Posted 19 days ago
This arare (hobnail) themed tetsu kyusu is 5.75" in diameter x 2.75" high, weighs 2 lbs 10 ounces and holds about 20 ounces of water. It is marked, but the maker is unknown to me.
I bought this pot for three reasons. First, I recognized the nabeshiki that came with it as a very expensive, uncommon Japanese trivet. Second, the seller said it had no maker's mark on it, which I have never seen for a tetsu kyusu of this size and quality. Third the seller said it was found in the closest of a deceased person and appeared to be new. Mmmmm, dead guy's stuff is the best stuff! Come to my estate sale and see!
Examination of the images with this post, reveals that it is indeed marked. I have seen this mark a few times before on very distressed (banged up) tetsu kyusu and maybe on a testsubin, but only in images. I have never been able to physically examine an actual tetsu kyusu that has this mark before and did not think that the quality was very good. Based on my examination of the pot now in my collection, I have revised my conclusions.
This tetsu kyusu is of very high quality, made with a very fine mold, well finished and probably Japanese. There are no visible urushi plugs or a sprue found on the bottom of the products of some Japanese foundries. It is probably not Iwachu since every tetsu kyusu or tetsubin by that foundry which I have examined has one or both of those marks on the bottom. The exterior finish and lining appear to be traditional urushi, not enamel, but the spout, lid and handle have a glossy finish with a matte body.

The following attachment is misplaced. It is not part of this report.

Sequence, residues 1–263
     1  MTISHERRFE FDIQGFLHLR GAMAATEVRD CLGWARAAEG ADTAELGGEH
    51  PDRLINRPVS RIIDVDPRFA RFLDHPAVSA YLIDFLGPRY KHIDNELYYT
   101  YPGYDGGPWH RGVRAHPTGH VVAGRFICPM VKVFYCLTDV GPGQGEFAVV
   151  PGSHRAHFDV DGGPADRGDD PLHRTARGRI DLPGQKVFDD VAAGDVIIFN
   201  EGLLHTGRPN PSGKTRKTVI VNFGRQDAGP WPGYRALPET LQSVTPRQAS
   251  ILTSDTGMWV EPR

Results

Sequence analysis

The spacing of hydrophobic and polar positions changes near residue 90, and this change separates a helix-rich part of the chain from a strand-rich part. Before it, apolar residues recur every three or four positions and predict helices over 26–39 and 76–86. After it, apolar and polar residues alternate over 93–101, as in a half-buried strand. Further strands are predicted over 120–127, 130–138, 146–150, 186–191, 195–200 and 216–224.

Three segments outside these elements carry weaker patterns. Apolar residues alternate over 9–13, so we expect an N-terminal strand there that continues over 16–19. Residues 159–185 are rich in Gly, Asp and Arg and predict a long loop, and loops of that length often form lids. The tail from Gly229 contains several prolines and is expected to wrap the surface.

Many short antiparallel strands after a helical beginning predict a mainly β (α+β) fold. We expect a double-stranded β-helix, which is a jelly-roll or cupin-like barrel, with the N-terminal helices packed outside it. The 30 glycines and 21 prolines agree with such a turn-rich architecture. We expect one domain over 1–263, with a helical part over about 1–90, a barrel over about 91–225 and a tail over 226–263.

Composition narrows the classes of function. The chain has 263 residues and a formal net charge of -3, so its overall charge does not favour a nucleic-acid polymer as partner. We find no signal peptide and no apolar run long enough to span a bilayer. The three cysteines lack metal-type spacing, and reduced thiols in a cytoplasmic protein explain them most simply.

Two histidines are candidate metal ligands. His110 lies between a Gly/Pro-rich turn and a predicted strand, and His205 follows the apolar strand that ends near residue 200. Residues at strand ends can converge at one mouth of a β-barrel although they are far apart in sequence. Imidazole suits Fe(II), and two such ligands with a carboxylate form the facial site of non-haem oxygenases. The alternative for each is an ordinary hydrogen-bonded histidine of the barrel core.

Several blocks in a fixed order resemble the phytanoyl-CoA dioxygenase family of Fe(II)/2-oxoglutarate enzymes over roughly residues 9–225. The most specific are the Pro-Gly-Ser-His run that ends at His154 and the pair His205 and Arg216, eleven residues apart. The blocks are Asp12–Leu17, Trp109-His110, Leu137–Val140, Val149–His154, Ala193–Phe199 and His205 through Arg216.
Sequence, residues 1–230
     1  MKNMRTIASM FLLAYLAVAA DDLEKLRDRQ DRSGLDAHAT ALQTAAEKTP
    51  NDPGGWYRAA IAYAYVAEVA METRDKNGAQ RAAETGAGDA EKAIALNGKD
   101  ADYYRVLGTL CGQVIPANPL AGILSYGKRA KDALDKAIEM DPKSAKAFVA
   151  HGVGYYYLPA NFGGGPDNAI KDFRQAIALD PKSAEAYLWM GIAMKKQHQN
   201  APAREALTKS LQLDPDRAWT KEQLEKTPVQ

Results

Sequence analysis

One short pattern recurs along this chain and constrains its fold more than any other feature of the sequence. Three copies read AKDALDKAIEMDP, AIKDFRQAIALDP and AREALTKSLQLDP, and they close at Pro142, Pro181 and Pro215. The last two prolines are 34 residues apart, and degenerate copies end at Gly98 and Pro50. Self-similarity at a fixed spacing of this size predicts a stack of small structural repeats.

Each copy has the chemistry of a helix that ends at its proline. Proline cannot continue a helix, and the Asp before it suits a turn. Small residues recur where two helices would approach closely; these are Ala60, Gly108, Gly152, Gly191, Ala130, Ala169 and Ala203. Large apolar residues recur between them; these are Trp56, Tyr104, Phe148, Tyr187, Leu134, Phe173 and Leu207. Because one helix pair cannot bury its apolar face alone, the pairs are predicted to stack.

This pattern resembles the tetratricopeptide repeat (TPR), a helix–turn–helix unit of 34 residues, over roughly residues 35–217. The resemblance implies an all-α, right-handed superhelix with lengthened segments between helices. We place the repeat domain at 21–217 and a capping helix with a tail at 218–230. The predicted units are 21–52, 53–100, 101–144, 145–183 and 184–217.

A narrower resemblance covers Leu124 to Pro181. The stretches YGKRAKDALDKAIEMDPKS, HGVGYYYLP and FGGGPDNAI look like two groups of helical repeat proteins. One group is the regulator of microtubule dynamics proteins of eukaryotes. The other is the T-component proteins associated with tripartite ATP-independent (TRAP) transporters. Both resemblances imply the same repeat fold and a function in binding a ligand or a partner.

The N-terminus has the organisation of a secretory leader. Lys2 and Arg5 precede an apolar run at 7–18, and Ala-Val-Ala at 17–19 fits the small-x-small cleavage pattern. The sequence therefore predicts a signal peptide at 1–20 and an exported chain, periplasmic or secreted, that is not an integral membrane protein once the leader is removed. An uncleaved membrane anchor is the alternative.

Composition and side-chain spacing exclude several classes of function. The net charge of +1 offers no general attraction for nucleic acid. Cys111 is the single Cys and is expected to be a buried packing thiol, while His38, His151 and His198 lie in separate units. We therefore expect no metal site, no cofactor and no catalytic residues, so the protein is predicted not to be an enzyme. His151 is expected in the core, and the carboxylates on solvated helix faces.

I am pretty sure that it is not Chinese. I am not saying that the Chinese are incapable of making a tetsu kyusu of this quality, I am certain that they are and routinely have done so for many years, but I have not seen any in the imports to the U.S.. So, I have a new mark to research. I will not use this pot until I have confirmed that it is not Chinese since I do not trust the safety of eating/cooking tools made in that country.
The bottom of this tetsu kyusu shows significant wear from the very sharp hobnails on the nabeshiki which accompanied it. This is the only wear on this pot and why I am not a fan of using metal nabeshiki. I prefer wooden trivets, which are another common material used to make Japanese trivets.